Business

Wall Street extends shares sell-off over Brexit fallout

NYSE traders Image copyright Reuters

(Closed): Shares on Wall Street closed sharply lower, following a global sell-off, as the impact of the UK's decision to leave the European Union continued to unsettle investors.

The Dow Jones closed 260.51 points, or 1.5%, lower to 17,140.24.

The S&P 500 was down 36.87 points or, 1.8%, to 2,000.54, while the tech-heavy Nasdaq fell 113.54, 2.4% to 4,594.44.

Bank stocks were particularly hit as questions emerged about London's future as a global finance capital.

"The UK's status as a major international banking hub could be damaged as some business lines shift to the EU," warned ratings agency Fitch, which downgraded the UK's credit rating to 'AA' on Monday.

Shares in Bank of America and JP Morgan fell 6.3%, while Citigroup fell 4.5%.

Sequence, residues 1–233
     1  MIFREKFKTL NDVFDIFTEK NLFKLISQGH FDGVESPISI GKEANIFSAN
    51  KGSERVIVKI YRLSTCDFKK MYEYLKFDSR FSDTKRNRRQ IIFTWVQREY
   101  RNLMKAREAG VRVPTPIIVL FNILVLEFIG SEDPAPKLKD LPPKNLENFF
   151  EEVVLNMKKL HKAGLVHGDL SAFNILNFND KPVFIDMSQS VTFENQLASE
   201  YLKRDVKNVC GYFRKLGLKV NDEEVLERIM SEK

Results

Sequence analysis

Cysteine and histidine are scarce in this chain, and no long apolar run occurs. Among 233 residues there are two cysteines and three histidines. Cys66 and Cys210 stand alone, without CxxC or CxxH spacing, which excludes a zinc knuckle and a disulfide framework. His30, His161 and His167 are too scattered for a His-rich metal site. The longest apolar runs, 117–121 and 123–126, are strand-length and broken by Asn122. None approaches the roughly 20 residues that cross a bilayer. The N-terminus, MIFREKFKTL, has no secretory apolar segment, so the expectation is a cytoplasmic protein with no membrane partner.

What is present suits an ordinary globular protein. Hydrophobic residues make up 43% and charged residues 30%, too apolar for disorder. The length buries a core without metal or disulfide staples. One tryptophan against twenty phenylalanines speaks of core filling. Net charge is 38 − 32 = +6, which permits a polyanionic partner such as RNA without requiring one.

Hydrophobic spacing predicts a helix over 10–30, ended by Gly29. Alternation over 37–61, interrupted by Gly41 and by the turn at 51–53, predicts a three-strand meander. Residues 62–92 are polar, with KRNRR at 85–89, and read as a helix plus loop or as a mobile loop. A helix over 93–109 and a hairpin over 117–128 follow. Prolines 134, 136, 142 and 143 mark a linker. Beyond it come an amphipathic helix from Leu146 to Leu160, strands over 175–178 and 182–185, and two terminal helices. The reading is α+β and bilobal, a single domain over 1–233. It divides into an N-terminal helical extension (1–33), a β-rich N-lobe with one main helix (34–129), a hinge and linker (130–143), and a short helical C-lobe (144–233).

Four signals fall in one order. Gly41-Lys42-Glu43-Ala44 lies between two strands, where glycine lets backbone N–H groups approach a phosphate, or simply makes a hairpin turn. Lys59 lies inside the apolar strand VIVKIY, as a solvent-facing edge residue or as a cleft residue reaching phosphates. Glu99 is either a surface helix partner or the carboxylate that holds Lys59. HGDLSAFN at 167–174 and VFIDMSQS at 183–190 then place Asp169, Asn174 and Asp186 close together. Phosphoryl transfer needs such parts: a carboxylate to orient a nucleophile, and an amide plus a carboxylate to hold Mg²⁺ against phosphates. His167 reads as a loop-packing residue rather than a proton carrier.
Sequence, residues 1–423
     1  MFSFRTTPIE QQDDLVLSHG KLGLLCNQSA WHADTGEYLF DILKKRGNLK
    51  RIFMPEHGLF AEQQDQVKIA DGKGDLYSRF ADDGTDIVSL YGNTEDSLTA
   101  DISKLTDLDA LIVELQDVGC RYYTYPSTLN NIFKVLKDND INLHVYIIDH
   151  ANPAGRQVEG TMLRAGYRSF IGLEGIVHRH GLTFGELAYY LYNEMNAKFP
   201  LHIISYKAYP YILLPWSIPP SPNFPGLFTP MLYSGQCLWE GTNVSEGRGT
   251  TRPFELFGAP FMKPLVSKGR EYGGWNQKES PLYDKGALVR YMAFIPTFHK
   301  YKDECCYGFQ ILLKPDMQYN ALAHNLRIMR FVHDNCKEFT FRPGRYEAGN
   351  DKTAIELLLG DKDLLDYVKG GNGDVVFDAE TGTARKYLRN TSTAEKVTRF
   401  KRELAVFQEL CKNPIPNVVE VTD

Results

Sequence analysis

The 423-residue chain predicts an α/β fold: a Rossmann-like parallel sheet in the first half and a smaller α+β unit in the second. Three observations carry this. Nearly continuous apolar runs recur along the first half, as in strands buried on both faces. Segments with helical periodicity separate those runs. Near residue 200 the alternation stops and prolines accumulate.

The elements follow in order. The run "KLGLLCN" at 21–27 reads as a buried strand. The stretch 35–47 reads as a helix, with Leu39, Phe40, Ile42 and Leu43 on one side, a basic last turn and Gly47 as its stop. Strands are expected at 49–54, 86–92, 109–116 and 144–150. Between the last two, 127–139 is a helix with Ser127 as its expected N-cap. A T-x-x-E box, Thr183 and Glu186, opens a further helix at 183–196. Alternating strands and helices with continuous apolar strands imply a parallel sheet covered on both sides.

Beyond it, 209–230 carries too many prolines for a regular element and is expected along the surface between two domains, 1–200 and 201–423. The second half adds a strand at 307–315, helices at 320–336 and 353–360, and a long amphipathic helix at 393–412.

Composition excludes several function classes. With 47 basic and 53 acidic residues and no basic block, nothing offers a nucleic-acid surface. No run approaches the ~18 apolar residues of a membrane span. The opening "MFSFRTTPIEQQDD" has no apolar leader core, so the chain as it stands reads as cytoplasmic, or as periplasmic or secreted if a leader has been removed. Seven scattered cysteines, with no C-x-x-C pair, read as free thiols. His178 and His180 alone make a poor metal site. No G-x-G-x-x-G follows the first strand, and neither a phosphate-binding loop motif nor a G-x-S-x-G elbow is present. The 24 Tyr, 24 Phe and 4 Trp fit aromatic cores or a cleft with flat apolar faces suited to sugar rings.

"The market is reflexively going to sell down the banks early," George Maris of Janus Capital told the BBC.

"The banks will suffer, but they are much more solvent than they were in the financial crisis so it does feel like the bank sell off will end."

The US dollar rose to a 30-year high against the pound, with £1 buying $1.32.

Shares in credit card company American Express fell 4%.

Aircraft maker Boeing also saw a drop in its share price following a fall on Friday. Boeing shares were down 3%.

Not all stocks were falling. Tech firm Twilio was up 3.6%.

Twilio shares began publically trading on the stock markets last week and rose over 90% on their first day.

Shares of gold producers were also higher as investors flocked to gold as a safe haven.

Alamos Gold rose 4.3% and Anglogold Ashanti climbed 4%.